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Santa Clara, CA, United States

Wu Y.,Link Media Devices Corporation
IEEE Transactions on Information Theory | Year: 2012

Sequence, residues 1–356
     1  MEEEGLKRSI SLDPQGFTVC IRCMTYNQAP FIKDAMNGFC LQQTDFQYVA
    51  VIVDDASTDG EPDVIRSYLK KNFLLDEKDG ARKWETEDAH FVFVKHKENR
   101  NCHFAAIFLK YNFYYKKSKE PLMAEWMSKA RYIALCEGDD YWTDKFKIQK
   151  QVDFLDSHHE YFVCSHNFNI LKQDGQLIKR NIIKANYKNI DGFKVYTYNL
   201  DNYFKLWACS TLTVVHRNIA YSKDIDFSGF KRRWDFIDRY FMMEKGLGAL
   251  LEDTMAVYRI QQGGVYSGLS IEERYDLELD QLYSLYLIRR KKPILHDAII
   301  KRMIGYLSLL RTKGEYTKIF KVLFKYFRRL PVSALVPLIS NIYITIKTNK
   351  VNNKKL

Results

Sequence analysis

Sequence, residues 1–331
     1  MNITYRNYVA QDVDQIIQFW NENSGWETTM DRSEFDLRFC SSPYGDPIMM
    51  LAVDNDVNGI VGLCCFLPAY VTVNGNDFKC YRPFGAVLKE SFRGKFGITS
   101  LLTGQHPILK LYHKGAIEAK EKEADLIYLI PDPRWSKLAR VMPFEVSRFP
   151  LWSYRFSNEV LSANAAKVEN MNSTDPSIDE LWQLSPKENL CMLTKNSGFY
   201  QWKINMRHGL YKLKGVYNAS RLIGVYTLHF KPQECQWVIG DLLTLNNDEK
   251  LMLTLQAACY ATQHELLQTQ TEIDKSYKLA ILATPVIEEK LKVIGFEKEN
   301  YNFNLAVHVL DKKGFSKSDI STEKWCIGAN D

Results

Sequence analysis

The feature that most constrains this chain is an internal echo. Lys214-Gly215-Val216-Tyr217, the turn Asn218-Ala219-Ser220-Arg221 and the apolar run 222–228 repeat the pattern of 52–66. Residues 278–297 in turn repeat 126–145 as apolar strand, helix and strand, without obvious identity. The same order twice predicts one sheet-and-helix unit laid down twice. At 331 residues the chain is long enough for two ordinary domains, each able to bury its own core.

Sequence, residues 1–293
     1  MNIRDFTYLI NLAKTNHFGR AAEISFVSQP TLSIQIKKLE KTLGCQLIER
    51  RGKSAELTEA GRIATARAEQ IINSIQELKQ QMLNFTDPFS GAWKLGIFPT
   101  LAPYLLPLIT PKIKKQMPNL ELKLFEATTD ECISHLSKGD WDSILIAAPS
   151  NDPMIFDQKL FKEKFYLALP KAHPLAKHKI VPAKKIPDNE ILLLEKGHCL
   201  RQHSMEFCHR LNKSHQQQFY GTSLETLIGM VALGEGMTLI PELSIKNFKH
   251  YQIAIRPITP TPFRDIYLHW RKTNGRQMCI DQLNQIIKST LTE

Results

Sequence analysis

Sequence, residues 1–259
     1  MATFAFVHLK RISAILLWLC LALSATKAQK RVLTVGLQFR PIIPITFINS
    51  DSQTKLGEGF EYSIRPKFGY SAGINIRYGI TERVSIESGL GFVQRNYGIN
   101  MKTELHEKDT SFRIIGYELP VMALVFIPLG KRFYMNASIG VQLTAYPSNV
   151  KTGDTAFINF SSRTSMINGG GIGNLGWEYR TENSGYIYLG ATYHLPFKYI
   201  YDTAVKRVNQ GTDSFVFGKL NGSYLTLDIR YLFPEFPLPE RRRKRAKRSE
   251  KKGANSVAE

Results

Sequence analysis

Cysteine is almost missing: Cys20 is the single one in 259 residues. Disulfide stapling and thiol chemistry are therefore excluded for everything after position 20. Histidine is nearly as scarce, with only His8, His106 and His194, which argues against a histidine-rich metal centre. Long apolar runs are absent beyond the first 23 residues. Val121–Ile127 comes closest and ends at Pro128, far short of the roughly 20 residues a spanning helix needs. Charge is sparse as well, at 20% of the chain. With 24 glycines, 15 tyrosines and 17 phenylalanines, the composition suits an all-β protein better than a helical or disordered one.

Chase decoding is a prevalent soft-decision decoding method for algebraic codes where an efficient bounded-distance decoder is available. Essentially, it repeatedly applies bounded-distance decoding upon combinatorially flipping certain least reliable bits (or patterns for nonbinary case). In this paper, we devise a one-pass Chase decoding algorithm of Reed-Solomon codes such that the desired error locator polynomial by flipping an error pattern is obtained in one pass (when operated in parallel) through utilizing the preceding results. This is effectively achieved through cumulative interpolation and linear-feedback-shift-register (LFSR) synthesis techniques. Furthermore, through converting the algorithm into the transform domain, exhaustive root search for each error locator polynomial is circumvented. Computationally, the new algorithm exhibits linear complexity $O(n)$, in attempting to determine a candidate codeword associated with each additionally flipped symbol/pattern; it compares favorably to quadratic complexity $O(nd)$ by straightforwardly utilizing hard-decision decoding, where $n$ and $d$ denote the code length and minimum distance, respectively. We also reveal a corrected algorithm for one-pass generalized minimum distance (GMD) decoding for Reed-Solomon codes from Koetter's original work. In addition, we devise a highly efficient one-pass Chase decoding algorithm for binary Bose-Chaudhuri-Hocquenghem (BCH) codes by taking advantage of a key characteristic of the Berlekamp algorithm. Finally, we present a systolic very large-scale integration (VLSI) decoder architecture through slightly compromising the proposed one-pass Chase decoding algorithm. It takes $O(1)$ clock cycles to complete one iteration by flipping one error pattern. Both circuit and memory complexities are dictated by the dimension of flipping patterns; in particular, they are independent of the code length $n$ or the minimum distance $d$ , rendering it highly attractive for various applications. © 2006 IEEE.

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